Hello everyone

IAM INTO LECTURE 41 

VLAN :: Review Questions


YOU EXPLAIN INTO THIS LECTURE INTO REVISION  THAT EACH BRIGE OR SWITCH HAVE MEMORY INTO EACH PORTS, AND THAT MEMORY IF TWO FRAMES SENT AND RECIEVED AT SAME TIME VIA DIFFERENT PORTS WILL NEVER HAVE COLLISSIONS BECAUSE  THESE FRAMES ARE STORED INTO SEPARATE SECTIONS OF MEMORY AND WHEN SENDING FRAMES FINISHED THE RECIEVED FRAMES WILL HAPPENED 


IS THAT MEANS THIS SWITCH OR BRIDGE IS HALF-DUPLEX NOT FULL DUPLEX?

AND WE SAY FULL-DUPLEX IS SEND AND RECIEVE DATA AT SAME TIME , NOT STORED INTO MEMORY


I CANNOT UNDERSTANDING THIS POINT

I HOPE TO EXPLAINING THIS POINT AGAIN LITTLE EASY

 

THANKS ALOT

Comments

  • Hopefully I can clarify for you:

    IS THAT MEANS THIS SWITCH OR BRIDGE IS HALF-DUPLEX NOT FULL DUPLEX?

    Ports that are 10/100 will auto negotiate to half-duplex. This is the default behavior. If the end station (computer) negotiates to 100/full then the port on the switch will also be 100/full. If the negotiation is 10/half or 100/half, this could be caused by a misnegotiation, which does happen. You can hard code "duplex full/speed 100" to get the desired speed/duplex. 

    AND WE SAY FULL-DUPLEX IS SEND AND RECIEVE DATA AT SAME TIME , NOT STORED INTO MEMORY

    Full duplex is as you state, sending and receiving data at the same time. Because there are L2 checks for forwarding traffic in the L2 environment, depending on how the L2 forwarding is implemented will determine how the memory is used. Examples of this are Store and Forward and cut through.

     
     
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    If store and forward are used, then more memory will be used to process the frame. If cut through is used then less memory will be used.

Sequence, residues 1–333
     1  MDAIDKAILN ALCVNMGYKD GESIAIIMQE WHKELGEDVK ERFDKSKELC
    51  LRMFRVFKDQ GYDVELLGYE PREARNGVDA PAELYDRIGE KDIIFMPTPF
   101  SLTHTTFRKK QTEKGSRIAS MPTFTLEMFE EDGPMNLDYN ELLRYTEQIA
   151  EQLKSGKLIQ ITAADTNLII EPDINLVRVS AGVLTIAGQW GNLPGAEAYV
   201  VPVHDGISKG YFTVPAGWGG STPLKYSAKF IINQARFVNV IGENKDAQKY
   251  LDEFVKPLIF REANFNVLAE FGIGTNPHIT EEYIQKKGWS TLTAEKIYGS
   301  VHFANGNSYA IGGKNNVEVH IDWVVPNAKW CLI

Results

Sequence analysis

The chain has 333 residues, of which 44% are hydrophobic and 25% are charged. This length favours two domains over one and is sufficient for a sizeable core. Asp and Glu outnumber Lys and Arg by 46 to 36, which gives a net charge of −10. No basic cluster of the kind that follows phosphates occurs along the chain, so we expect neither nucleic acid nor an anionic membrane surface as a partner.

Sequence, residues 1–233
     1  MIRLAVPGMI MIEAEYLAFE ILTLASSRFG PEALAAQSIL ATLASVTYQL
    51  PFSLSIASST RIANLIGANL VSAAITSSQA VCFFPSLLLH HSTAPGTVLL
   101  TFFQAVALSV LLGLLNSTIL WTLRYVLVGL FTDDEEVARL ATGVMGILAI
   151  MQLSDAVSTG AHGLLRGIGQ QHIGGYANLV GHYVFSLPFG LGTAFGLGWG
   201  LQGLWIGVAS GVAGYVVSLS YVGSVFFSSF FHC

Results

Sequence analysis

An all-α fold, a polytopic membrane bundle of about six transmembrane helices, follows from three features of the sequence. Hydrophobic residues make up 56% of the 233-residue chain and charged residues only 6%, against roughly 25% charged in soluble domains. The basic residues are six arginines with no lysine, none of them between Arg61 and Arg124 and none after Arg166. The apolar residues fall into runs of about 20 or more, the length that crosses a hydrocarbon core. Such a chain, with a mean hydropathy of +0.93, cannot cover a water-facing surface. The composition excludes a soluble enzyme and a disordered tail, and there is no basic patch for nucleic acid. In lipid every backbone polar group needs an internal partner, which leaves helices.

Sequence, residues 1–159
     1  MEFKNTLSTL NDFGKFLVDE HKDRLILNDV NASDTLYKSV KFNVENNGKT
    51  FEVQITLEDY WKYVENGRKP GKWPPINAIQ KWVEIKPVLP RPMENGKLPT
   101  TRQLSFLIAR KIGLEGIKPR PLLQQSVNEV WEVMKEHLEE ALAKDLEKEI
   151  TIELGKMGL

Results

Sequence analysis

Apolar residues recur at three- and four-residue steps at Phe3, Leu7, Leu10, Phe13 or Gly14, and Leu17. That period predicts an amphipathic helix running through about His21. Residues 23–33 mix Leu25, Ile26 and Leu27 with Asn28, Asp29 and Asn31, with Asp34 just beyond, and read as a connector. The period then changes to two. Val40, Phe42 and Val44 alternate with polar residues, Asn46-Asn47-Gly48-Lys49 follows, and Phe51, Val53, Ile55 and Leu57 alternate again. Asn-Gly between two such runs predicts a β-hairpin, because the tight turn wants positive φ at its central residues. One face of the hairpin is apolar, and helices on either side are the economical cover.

Hopefully that answers your question. If not, please advise what you are not understanding.

    Rob



    On Tuesday, December 8, 2015 2:00 PM, major133 <[email protected]> wrote:


    IAM INTO LECTURE 41 


    VLAN :: Review Questions



    YOU EXPLAIN INTO THIS LECTURE INTO REVISION  THAT EACH BRIGE OR SWITCH HAVE MEMORY INTO EACH PORTS, AND THAT MEMORY IF TWO FRAMES SENT AND RECIEVED AT SAME TIME VIA DIFFERENT PORTS WILL NEVER HAVE COLLISSIONS BECAUSE  THESE FRAMES ARE STORED INTO SEPARATE SECTIONS OF MEMORY AND WHEN SENDING FRAMES FINISHED THE RECIEVED FRAMES WILL HAPPENED 



    IS THAT MEANS THIS SWITCH OR BRIDGE IS HALF-DUPLEX NOT FULL DUPLEX?

    AND WE SAY FULL-DUPLEX IS SEND AND RECIEVE DATA AT SAME TIME , NOT STORED INTO MEMORY



    I CANNOT UNDERSTANDING THIS POINT

    I HOPE TO EXPLAINING THIS POINT AGAIN LITTLE EASY

     

    THANKS ALOT



    Internetwork Expert - The Industry Leader in CCIE Preparation

    http://www.internetworkexpert.com




  • mr rob

    thank you very very much for your reply for me and your attention

    iam mohamed atallah from egypt 30 years old , and i hope to be your friend


    what does this word means "10/half or 100/half " ?


    thanks alot

  • They mean 10/half and 100/half, this refers to speed of 10Mbps and half duplex, the same for the 100/half, speed of 100Mbps and half duplex.  



    On Wednesday, December 9, 2015 2:18 AM, major133 <[email protected]> wrote:


    mr rob

    thank you very very much for your reply for me and your attention

    iam mohamed atallah from egypt 30 years old , and i hope to be your friend



    what does this word means "10/half or 100/half " ?



    thanks alot



    Internetwork Expert - The Industry Leader in CCIE Preparation

    http://www.internetworkexpert.com




  • good[*]

    now you know one friend from egypt.  hope to be good friend

  • peetypeety ✭✭✭

    IS THAT MEANS THIS SWITCH OR BRIDGE IS HALF-DUPLEX NOT FULL DUPLEX?

    AND WE SAY FULL-DUPLEX IS SEND AND RECIEVE DATA AT SAME TIME , NOT STORED INTO MEMORY

     

    If a device is capable of full-duplex, you must realize that full or half duplex is decided on a per-port basis. Just because ports 1,2, and 3 are full duplex doesn't mean that port 4 is full duplex.